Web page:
I held you in my arms for as long as I could
Then each muscle broke down to liquid
And I had to let go of everything.
It may well be a cliche to refer to dance as poetry in motion but the essence of both poetry and motion come together in the Sydney Dance Company's latest touring show.
The poetry of Australian writer Samuel Webster (above) holds hands in a symbiotic pas de deux with the choreography of Rafael Bonachela in the production 2 One Another.
"For me they are very evocative, open-ended sentences which helped me to build a dance," the SDC artistic director says of Webster's source material for the show coming to WA next month.
Music spanning the baroque to electronica, courtesy of composer Nick Wales, also holds together Bonachela's collage of dance duets (2), solos (One) and group sections (Another), which add up to the show's title.
Described as an exultant and sensual study of how people relate to each other, 2 One Another has won acclaim around the world since it premiered in 2012.
"We now look forward to bringing it over and sharing it with everyone," Bonachela says.
The simple two-one-group structural concept adds up to something deeply satisfying for the audience, he says. "I am very much into choreography in terms of abstract movement that implies behaviour, and relationship and emotional and psychological states."
2 One Another is performed by 16 dancers led by Helpmann Award-winner Charmene Yap. The WAAPA-trained Yap is one of several dancers with WA links, either through birth and training (Jessica Thompson, Juliette Barton) or having danced with the WA Ballet, as in the case of Cass Mortimer Eipper, David Mack and Paul Knobloch.
Bonachela invited Webster to be a fly on the studio wall as dancers exercised and tried out different tasks to generate movements and ideas. Webster's initial written responses then informed further ideas from Bonachela and so the show evolved in an organic and elegant to-and-fro.
"He gives a lot of meaning to situations and it really guided me through the work," Bonachela says. "There were the personalities of the dancers, there was the interaction of the dancers, there was the poetry and the music but at the end of the day, 2 One Another is a dance, from beginning to end."
Originally from La Garriga, a small town near Barcelona in Spain, Bonachela was a lead dancer and associate choreographer with the Rambert Dance Company in London for 15 years before starting his own company.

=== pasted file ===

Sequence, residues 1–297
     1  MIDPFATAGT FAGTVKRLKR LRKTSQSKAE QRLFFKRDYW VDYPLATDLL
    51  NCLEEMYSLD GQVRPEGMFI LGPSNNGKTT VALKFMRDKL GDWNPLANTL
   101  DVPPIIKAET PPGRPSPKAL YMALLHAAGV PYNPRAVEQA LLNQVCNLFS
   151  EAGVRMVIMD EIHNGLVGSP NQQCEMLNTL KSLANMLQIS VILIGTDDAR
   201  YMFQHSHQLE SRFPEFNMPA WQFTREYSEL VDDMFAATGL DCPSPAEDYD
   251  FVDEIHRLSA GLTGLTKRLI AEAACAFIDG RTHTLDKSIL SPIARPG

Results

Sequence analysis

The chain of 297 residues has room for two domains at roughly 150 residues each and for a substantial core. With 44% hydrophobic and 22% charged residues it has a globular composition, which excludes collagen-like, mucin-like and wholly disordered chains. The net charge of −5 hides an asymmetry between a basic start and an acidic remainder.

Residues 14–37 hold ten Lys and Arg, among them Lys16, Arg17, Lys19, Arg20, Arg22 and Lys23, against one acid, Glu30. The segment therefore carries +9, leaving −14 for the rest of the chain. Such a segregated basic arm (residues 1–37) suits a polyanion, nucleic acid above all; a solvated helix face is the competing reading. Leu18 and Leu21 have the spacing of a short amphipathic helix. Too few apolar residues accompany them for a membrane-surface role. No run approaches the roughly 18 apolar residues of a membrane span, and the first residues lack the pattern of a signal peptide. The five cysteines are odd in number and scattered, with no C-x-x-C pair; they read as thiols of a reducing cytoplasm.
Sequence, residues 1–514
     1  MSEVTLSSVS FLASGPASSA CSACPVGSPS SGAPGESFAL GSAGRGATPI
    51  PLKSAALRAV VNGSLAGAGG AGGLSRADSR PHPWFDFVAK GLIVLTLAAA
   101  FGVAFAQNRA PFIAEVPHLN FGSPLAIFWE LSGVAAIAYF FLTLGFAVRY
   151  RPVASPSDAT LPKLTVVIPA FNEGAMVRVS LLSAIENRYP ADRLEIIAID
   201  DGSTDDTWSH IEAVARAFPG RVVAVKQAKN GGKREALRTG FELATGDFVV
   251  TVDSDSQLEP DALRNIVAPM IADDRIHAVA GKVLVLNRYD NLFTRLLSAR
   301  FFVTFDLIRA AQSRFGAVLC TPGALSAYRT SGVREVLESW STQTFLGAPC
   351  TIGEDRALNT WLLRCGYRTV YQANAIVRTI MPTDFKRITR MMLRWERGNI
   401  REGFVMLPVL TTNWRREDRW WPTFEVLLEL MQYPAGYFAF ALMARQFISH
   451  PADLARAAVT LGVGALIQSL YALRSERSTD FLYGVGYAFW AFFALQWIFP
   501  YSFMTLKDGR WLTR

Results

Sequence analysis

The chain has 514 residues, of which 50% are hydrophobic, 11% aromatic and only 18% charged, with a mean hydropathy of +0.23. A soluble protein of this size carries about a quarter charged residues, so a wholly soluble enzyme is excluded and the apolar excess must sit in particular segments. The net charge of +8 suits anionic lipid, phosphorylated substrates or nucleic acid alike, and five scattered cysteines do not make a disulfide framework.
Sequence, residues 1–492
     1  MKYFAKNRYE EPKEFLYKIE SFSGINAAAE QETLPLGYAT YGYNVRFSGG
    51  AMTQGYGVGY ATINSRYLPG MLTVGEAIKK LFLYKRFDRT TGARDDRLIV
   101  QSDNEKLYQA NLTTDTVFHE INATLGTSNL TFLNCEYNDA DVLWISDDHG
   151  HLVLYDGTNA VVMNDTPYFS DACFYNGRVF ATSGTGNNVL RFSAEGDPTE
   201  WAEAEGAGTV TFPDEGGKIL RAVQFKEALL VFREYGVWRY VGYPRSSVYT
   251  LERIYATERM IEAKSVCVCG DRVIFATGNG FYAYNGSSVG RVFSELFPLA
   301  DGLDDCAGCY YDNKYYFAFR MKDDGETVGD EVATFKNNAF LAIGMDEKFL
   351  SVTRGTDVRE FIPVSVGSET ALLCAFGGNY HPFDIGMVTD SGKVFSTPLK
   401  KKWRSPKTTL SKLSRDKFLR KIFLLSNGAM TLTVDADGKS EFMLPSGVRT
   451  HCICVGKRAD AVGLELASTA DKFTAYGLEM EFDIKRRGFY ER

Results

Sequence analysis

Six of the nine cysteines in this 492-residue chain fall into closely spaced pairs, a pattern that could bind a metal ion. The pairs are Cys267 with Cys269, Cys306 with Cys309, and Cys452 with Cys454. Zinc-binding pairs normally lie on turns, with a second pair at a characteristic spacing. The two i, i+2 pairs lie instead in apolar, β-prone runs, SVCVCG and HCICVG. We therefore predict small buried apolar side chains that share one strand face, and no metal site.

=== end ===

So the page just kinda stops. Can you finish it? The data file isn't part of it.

He took over from long-time SDC artistic director Graeme Murphy in 2009 and WA audiences were introduced to his work when his production We Unfold was performed in Perth in 2011.
Three years later and Bonachela has recently signed up for another five years at the helm that will see the company through to its 50th anniversary in 2019.
One project to pave the way to the anniversary is an archive of all of Murphy's work. "We want to preserve and digitalise all the good work that was done. It is a way of embracing the rich past of the company but also looking to the future and what dance has to offer."
While honouring the past, the company also has an eye to the future with its New Breed season for emerging Australian choreographers, a national education outreach program and with the first intake this year of 25 students into its new tertiary-certificate dance school.
"It is absolutely essential to educate young people in contemporary dance," Bonachela says. "Everyone gets a Shakespeare play come through their school and everyone gets a concert at some point. Why not contemporary dance? It is absolutely inspiring new generations into the beauty of the art."
The cultivation of new practitioners and new audiences extends to collaborations that broaden the company's reach: Project Rameau with the Australian Chamber Orchestra last year and projects involving Sarah Blasko, Katie Noonan and the Sydney Philharmonic Orchestra.
"Through collaboration you gain," Bonachela says. "Hopefully that will introduce new people to who we are and what we do. It is a way of breaking down barriers because contemporary dance has a lot of preconceptions. Certainly contemporary dance can be tricky at times and challenging and it is important that it is, but not all of it. It is absolutely about that variety and breadth."
The invitation to newcomers extends to reducing access costs by giving free tickets to disadvantaged schools and replacing expensive programs with free production notes in the foyer.
"We are trying to break the barriers but we have been making people pay $15 for a program," Bonachela says. "Let's make it free for them to read who we are and what we are about. Let's not make fancy programs that cost a lot, let's just make something we can afford and give them away."
2 One Another is at His Majesty’s Theatre from June 18-21, followed by performances in Mandurah, Albany, Bunbury and Geraldton.